script dir detection: any ideas for improvement?

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script dir detection: any ideas for improvement?

Postby hartrock » Tue Sep 15, 2015 2:59 am

Some effort is needed to detect the dir of a started script; currently there is (it should work with or without shebang start):
Code: Select all
  ;; script dir detection
  (set 'Inspector:scriptname "startIt.lsp"
       'Inspector:dir ; be robust against CLI args not containing scriptname
       (0 (- (length Inspector:scriptname)) ; only leave dirpath
          (first (filter (fn (a) (find Inspector:scriptname a))
                         (main-args)))))
  (if (null? Inspector:dir)
      (set 'Inspector:dir ".")) ; cwd

This is not perfect:
  • it's easy to forget changing the scriptname inside, if it will be changed outside (by renaming it);
  • it may fail, if there is an arg before containing script name (e.g. a script loaded before);
  • code is quite long.
Any ideas for improvement?
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Re: script dir detection: any ideas for improvement?

Postby ralph.ronnquist » Tue Sep 15, 2015 5:12 am

The following stanza at the top of a file seems to do the job, on Linux:

Code: Select all
(constant 'meself
          (letn ((base (format "/proc/%d/fd" (sys-info -3)))
                 (fd ((sort (directory base)) -2)))
            ((exec (format "readlink -f %s/%s" base fd)) 0)))


It doesn't work on Mac of course, since it doesn't have a procfs, and it probably doesn't work on Windows either for the same or similar reasons. Maybe there are variants that do work; i.e., to determine the name of a most recently opened (and closed) file.

Sometimes I've been wishing this to be available as a system function; especially to know the top level script file currently being evaluated. Though just a nice-to-have, and not very important.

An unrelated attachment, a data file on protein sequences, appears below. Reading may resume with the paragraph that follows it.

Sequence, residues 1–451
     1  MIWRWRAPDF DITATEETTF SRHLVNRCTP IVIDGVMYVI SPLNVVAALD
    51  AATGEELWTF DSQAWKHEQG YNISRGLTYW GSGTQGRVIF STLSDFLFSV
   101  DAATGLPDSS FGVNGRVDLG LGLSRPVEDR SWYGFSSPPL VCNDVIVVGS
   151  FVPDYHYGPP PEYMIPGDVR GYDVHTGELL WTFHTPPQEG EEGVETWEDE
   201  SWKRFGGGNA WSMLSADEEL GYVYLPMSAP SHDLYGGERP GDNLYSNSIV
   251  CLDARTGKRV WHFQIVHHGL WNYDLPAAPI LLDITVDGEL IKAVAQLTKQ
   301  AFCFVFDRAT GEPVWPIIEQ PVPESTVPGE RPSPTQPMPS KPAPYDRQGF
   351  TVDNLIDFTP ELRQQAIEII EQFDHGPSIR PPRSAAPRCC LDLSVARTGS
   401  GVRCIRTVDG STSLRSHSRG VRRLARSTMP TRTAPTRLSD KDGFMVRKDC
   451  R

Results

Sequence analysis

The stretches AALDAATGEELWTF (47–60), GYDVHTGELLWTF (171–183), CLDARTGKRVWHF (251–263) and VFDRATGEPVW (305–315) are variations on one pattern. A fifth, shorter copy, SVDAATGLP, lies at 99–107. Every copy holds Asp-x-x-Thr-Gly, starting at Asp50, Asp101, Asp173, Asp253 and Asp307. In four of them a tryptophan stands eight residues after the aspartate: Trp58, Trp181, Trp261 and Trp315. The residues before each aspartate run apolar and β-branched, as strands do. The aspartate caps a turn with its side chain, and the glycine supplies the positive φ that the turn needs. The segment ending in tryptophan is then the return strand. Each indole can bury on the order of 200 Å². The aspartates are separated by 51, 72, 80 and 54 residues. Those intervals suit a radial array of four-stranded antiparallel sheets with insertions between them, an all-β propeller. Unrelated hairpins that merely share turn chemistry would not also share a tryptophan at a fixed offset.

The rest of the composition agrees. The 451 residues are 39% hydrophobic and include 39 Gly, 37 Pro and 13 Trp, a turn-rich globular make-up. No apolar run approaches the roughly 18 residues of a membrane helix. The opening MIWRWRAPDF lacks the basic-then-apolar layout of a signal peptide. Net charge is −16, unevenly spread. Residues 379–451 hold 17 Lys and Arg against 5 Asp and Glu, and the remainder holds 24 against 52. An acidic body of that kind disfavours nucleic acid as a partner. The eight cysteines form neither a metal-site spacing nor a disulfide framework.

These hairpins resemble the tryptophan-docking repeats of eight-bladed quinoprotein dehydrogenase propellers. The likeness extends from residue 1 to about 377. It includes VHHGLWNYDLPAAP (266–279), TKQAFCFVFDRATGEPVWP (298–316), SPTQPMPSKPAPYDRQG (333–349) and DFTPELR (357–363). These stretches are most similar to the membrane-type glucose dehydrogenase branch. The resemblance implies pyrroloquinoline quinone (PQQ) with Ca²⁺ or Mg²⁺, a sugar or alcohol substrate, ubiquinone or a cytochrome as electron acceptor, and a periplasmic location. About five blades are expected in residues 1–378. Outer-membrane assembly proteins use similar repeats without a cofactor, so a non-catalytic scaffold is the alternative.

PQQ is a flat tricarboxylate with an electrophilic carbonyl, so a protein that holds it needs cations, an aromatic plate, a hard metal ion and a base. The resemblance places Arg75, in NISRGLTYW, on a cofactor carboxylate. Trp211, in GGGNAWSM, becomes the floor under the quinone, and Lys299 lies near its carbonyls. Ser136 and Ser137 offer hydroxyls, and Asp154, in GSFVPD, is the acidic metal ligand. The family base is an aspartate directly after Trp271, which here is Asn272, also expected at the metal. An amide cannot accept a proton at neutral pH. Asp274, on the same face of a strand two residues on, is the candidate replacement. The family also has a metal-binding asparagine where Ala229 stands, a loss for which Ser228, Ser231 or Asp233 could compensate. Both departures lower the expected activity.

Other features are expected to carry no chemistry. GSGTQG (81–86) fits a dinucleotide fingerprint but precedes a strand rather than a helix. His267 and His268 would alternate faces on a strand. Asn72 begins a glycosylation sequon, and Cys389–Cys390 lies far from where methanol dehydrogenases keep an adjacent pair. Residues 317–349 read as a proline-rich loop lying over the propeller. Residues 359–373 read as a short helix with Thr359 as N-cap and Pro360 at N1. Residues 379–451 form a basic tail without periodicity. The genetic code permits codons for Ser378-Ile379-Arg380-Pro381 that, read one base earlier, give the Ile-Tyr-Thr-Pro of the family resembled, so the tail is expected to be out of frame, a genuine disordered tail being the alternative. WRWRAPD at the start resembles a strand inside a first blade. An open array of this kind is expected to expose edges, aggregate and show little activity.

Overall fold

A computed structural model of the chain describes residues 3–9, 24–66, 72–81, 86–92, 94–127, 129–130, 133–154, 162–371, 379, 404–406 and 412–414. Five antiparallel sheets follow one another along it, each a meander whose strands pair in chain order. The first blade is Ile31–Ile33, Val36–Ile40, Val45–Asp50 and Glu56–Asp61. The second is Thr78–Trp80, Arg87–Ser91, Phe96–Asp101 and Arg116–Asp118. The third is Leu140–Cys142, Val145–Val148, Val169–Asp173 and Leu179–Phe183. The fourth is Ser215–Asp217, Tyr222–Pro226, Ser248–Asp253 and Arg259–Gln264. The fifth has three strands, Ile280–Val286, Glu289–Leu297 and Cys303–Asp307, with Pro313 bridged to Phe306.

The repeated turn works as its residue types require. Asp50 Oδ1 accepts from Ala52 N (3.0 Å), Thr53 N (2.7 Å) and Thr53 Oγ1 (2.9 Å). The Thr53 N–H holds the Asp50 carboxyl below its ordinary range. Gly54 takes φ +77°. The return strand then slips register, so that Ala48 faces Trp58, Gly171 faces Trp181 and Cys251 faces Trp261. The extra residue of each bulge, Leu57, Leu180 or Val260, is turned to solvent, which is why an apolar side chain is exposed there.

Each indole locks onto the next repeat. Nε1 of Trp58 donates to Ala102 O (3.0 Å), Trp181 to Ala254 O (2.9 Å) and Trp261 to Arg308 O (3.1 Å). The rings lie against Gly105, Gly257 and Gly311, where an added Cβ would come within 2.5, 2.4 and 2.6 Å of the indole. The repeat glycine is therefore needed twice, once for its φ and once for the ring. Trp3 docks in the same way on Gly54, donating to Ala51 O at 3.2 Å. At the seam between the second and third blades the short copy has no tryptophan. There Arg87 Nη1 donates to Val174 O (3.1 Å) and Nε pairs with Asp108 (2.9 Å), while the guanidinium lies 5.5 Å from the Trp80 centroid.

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Re: script dir detection: any ideas for improvement?

Postby xytroxon » Tue Sep 15, 2015 7:23 am

On windows, when my newLISP script is executed from a .bat or .cmd file, I can use:

Code: Select all
(main-args)
> ("C:\\Program Files (x86)\\newlisp\\newlisp.exe" "C:\\Users\\Apps\\newlisp\\work\\test.lsp")

(set 'script_name (last (parse (main-args 1) "\\")))
> test.lsp

(set 'script_dir (join (0 -1 (parse (main-args 1) "\\")) "\\"))
> C:\\Users\\Apps\\newlisp\\work


Too bad this isn't standard behavior on all platforms. But I think it is operating system dependent.

-- xytroxon
"Many computers can print only capital letters, so we shall not use lowercase letters."
-- Let's Talk Lisp (c) 1976
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Re: script dir detection: any ideas for improvement?

Postby xytroxon » Tue Sep 15, 2015 4:36 pm

Ugh! Of course the "current working directory" is easily found with real-path

Code: Select all
(set 'current-dir (real-path))
> C:\\Users\\Apps\\newlisp\\work

(change-dir "..")
> true

(set 'current-dir (real-path))
> C:\\Users\\Apps\\newlisp



PS: Both of your code fragments are problematic on Windows ;o)

--xytroxon
"Many computers can print only capital letters, so we shall not use lowercase letters."
-- Let's Talk Lisp (c) 1976
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Re: script dir detection: any ideas for improvement?

Postby ralph.ronnquist » Tue Sep 15, 2015 11:13 pm